April 10, 2005 in Nation/World

Dying WWII vet honored for action

Compiled from wire reports The Spokesman-Review
 
File/Associated Press photo

Poet laureate Ted Kooser is offering a free weekly poem to newspapers.
(Full-size photo)

Rosemead, Calif. A gravely ill World War II veteran who was wounded in the Normandy invasion has been honored with a Bronze Star and other medals more than six decades after he stormed the coast of France.

“I’m bewildered, I’m excited. I’m confused. I’m not used to talking this much,” former Army Pvt. Manuel Lopez Sanchez said Friday. Sanchez, 84, suffers from brain tumors and doctors told him he has about six months to live.

His wife, Amelia, said she sought out the medals after U.S. Rep. Hilda Solis, D-Calif., spoke at a senior center and encouraged veterans to come forward to receive overdue awards.

Sanchez, a machine gunner and instructor, was shot in the right shoulder in North Africa and wounded by shrapnel at Normandy, requiring 17 blood transfusions, Solis said.

Poet laureate, winner of Pulitzer, reappointed

Washington Ted Kooser, winner of this year’s Pulitzer Prize for poetry, has been appointed to a second one-year term as the U.S. poet laureate.

The American poet laureate, appointed by the librarian of Congress, does not write poems on public events like his British counterpart, who is appointed for life. He performs a minimum of duties so he can pursue his own ideas to promote poetry.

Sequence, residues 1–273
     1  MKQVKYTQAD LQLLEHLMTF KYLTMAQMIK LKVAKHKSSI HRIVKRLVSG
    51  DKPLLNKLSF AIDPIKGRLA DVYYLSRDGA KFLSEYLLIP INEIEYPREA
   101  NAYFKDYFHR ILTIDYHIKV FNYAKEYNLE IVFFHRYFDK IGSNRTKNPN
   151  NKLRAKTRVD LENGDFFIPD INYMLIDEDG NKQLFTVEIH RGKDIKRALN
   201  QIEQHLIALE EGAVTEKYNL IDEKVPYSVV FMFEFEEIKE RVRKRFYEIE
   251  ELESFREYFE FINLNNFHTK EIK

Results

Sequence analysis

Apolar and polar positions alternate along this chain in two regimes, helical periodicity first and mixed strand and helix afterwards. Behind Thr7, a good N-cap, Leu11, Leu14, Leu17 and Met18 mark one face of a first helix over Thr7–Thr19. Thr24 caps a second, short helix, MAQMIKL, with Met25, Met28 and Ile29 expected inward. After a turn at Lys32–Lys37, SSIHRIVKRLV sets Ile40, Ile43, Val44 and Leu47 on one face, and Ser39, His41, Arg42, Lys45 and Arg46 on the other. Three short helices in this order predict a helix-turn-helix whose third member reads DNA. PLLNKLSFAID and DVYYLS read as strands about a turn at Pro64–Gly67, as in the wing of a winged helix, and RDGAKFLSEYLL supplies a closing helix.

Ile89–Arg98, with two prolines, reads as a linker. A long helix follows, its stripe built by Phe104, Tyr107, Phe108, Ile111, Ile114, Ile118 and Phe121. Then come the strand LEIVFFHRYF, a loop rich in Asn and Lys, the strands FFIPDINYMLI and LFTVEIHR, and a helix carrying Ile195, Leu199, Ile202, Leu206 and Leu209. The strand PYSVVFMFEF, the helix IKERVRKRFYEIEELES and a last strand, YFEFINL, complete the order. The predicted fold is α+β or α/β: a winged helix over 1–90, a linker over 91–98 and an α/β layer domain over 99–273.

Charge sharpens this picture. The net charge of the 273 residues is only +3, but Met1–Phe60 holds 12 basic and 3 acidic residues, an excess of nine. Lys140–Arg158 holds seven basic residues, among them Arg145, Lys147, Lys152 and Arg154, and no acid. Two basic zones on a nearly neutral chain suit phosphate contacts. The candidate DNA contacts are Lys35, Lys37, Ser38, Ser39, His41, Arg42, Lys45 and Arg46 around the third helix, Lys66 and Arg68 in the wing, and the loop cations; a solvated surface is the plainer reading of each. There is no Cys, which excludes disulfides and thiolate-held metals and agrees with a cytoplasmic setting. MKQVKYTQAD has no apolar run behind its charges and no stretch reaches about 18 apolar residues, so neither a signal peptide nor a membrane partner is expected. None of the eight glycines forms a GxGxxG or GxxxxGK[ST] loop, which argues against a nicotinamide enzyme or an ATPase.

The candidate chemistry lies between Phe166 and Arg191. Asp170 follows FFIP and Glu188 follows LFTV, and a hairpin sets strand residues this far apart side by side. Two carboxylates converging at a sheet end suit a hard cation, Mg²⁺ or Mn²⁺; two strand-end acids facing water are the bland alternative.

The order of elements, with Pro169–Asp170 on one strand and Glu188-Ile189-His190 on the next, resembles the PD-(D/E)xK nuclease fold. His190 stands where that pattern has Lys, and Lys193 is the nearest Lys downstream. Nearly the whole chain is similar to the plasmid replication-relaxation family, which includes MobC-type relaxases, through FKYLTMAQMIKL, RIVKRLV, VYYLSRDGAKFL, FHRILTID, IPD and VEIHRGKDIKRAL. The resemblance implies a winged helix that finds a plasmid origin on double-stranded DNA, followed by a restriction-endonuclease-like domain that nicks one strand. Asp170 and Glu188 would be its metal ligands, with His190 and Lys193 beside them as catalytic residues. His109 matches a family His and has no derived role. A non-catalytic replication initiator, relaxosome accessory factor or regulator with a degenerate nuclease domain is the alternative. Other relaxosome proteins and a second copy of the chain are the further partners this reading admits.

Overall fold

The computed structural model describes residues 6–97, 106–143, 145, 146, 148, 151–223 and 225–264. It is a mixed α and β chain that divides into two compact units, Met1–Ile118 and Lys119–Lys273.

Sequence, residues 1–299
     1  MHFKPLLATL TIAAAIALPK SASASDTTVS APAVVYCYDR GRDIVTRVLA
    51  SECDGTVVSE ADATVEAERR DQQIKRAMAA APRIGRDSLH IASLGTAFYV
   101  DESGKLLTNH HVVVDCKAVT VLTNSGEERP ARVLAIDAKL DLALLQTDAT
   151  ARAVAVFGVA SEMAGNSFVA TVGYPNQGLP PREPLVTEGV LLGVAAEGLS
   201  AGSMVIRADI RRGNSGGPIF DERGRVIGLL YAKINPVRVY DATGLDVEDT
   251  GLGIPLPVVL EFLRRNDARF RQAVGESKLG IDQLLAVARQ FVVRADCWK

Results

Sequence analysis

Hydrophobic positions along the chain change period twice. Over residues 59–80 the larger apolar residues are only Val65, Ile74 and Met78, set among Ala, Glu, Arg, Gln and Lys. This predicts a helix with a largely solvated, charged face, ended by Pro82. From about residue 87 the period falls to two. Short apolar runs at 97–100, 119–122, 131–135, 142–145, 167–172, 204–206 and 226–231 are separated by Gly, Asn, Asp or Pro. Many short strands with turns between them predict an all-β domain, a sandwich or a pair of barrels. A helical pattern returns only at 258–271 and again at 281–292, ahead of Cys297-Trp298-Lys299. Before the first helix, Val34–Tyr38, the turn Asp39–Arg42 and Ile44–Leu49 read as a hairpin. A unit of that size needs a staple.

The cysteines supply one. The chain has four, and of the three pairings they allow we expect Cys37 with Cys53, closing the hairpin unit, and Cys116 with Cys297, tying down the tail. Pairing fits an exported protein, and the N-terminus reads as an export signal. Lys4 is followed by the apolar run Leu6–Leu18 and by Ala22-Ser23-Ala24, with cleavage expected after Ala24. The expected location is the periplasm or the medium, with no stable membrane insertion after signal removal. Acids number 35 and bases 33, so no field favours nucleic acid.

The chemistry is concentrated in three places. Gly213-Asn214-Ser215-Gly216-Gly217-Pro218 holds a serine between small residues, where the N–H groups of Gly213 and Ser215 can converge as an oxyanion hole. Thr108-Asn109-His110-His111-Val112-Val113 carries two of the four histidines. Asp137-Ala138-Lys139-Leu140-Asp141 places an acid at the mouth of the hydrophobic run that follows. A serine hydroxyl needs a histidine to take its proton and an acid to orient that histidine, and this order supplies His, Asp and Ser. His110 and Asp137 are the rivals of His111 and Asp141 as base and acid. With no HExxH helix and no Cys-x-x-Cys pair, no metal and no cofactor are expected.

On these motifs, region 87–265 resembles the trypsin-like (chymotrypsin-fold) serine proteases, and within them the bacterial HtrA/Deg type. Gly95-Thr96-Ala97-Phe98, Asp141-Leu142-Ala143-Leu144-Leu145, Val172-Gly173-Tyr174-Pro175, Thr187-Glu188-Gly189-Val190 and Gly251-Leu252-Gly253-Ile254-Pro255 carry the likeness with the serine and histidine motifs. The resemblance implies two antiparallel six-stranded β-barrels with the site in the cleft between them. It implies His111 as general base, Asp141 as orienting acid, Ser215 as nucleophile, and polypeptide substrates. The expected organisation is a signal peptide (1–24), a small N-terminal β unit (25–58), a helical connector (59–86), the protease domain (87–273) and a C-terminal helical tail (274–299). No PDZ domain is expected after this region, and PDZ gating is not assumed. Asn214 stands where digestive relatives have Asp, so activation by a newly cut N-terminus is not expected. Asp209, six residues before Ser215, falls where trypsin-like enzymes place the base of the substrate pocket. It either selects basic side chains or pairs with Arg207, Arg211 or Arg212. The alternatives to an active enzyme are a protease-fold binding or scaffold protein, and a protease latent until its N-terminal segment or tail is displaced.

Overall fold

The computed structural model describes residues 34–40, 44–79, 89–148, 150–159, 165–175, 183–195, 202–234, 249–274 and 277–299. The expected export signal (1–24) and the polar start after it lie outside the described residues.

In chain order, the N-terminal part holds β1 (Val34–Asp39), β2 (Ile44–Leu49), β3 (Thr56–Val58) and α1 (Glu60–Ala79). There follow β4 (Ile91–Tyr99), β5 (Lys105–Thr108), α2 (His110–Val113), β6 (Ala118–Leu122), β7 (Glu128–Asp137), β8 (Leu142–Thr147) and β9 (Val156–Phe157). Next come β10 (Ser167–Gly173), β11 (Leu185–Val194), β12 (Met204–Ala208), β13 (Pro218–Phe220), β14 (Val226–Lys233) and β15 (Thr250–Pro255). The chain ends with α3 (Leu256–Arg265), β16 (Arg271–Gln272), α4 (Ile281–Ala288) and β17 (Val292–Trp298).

Kooser’s idea was to offer a free weekly poem to U.S. newspapers. The second poem, Jonathan Greene’s “At the Grave,” was posted Thursday on the program’s Web site, www.americanlifeinpoetry.org.

The Library of Congress said 24 newspapers signed up within the first few days of the project. The library gives the poet an office and expects a few readings and lectures in return. Kooser is due to lecture at the library on May 5. He receives a stipend of $35,000 for each term.

Kooser, 65, won the Pulitzer for his most recent collection of original poems, “Delights and Shadows.”

Strip-search filmed, so drug conviction tossed

Indianapolis An appeals court threw out a man’s cocaine conviction because his strip-search was filmed by a camera crew for a television program.

The Indiana Court of Appeals said in a ruling issued Thursday that filming Andra Thompson’s strip-search was “unprofessional and unreasonable.”

During a 2003 sting operation at a motel, officers strip-searched Thompson and found cocaine stuffed between his buttocks. Thompson, 26, of Indianapolis, was convicted of cocaine possession and sentenced to six years in prison in 2004.

Police had given permission for the search to be filmed for an show on cable TV’s Oxygen network called “Women and the Badge.” One of the arresting officers was a woman.

At one point, the camera focused for several seconds on Thompson’s naked posterior while he was bent over in handcuffs.

“Where should the media line be drawn?” Judge Edward Najam wrote. “We will not sanction such conduct, which demeans the suspect and degrades the entire legal process.”

Fire crews respond to smoke, find snake

New Orleans Where there was smoke, there was a 5-foot-long snake. A dead snake, that is.

Workers at the Archdiocese of New Orleans called the Fire Department because they smelled smoke Wednesday afternoon. Firefighters found a smoking transformer and the snake on the ground nearby, burned behind its head, authorities said.

No one knew how the snake got into the Central Business District. Perhaps it climbed the transformer for refuge from the driving rain, one Entergy crew member suggested. Maybe someone released it there, another speculated.

The building was evacuated and power cut so the transformer could be repaired. Some power was restored about 5:30 p.m.


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